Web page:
This Week In Techdirt History: December 17th – 23rd
from the advent-calendar dept
Five Years Ago
This week in 2012, the MPAA was claiming that millions of DMCA takedowns are proof that Google needs to magically stop piracy, while the RIAA was trying to rewrite the history of copyright, and the BPI was threatening to personally sue the leaders of the UK pirate party. But the intellectual property diplomats at the US State Department were moaning about how they can’t export strict copyright laws as easily as they’d like to, since for every country like the UK (where London police were setting up a special force of copyright cops), there was one like Australia (which was refusing to play Hollywood’s game). Then, of course, at the end of that same week, the administration’s shortlist for new ambassador appointments included a bunch of big Hollywood donors.
Ten Years Ago
This week in 2007, it was sports organizations taking the lead in the copyright fight, realizing they could (ab)use it to try to stifle press coverage, and clamp down on those dastardly live-bloggers. The IFPI went after Alibaba for linking to downloadable music, while the Korean government was paying out $170 million to publishers to mollify them after copyright extensions hurt their businesses. Amidst all this, we were pointing out that “balance” in copyright is a myth and a red herring, and it’s time to get off of our unhealthy addiction to intellectual property.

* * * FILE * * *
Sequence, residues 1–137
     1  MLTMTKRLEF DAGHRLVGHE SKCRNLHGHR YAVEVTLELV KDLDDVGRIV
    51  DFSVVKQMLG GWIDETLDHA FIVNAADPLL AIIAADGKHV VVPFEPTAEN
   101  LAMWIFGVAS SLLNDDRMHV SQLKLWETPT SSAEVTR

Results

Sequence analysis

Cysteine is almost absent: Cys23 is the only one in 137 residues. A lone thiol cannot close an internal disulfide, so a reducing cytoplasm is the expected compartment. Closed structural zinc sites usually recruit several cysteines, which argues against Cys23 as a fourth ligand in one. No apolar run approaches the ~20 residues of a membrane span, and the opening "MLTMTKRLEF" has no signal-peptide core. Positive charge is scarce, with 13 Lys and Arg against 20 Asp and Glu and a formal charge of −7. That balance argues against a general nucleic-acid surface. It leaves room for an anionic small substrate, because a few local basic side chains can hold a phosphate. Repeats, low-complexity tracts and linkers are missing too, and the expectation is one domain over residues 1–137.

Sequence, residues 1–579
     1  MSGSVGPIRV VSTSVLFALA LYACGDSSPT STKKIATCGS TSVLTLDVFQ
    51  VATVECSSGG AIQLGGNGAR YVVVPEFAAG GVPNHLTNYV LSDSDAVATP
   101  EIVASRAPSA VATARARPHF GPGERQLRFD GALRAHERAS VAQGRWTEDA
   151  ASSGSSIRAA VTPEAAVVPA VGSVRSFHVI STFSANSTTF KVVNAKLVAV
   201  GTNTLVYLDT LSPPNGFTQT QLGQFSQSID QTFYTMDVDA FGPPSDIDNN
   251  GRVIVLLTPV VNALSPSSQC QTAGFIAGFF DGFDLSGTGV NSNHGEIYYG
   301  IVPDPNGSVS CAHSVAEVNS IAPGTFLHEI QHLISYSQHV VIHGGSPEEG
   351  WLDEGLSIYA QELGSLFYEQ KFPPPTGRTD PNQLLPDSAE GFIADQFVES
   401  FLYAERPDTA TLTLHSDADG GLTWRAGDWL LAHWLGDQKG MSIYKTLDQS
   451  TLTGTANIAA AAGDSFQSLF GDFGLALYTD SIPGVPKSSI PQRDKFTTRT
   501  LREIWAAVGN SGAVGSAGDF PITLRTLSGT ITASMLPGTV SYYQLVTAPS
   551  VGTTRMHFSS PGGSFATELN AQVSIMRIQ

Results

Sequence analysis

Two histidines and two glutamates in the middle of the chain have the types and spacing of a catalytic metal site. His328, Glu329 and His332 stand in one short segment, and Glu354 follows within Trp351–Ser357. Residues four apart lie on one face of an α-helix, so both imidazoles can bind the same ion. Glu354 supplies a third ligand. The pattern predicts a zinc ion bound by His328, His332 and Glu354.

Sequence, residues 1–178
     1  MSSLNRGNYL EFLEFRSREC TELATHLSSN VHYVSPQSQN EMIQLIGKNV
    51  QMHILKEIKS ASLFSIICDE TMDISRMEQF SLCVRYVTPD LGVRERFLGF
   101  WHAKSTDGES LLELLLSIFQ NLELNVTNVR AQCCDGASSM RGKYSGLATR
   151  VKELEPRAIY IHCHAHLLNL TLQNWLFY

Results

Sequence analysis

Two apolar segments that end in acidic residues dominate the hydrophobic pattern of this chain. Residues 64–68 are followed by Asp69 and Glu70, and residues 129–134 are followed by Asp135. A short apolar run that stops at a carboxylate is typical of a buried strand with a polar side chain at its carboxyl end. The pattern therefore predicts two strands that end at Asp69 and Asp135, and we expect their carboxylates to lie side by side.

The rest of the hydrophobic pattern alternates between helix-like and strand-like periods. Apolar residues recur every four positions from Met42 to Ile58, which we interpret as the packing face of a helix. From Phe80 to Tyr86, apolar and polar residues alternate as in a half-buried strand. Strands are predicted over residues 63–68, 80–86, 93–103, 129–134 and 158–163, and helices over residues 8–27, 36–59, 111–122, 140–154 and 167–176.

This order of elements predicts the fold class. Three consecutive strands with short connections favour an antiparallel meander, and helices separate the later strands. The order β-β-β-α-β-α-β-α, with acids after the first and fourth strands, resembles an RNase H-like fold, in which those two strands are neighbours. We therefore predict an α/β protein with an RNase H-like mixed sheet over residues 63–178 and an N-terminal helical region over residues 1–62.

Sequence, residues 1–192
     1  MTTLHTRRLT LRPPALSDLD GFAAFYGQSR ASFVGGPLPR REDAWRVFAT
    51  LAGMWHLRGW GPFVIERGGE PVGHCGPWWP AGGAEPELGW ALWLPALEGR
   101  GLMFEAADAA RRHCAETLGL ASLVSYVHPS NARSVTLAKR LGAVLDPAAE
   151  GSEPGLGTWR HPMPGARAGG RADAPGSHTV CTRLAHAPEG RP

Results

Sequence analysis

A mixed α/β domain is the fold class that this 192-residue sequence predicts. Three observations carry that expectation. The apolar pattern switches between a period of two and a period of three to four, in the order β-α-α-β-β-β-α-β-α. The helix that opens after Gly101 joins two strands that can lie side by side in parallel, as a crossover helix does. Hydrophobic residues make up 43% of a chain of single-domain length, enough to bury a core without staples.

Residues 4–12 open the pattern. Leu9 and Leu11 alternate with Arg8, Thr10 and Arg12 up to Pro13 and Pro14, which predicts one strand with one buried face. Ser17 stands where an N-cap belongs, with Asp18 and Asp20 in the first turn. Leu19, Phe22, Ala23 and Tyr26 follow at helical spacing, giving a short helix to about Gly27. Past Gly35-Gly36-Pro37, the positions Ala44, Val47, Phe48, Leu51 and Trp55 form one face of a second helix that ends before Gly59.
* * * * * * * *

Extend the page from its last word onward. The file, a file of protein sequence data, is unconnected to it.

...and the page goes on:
Fifteen Years Ago
Not much different this week in 2002, with the RIAA amping up its extremely dubious claims with extremely dubious math and Hollywood fighting to ban DVD-copying software — while more and more people began to realize that copyright was enabling widespread censorship (not to mention undermining cybersecurity). But, there was a noteworthy light in the darkness! It was this week, about a year after the initial announcement, that Creative Commons was officially launched and began its ongoing project to change the way we think about copyright, content and sharing.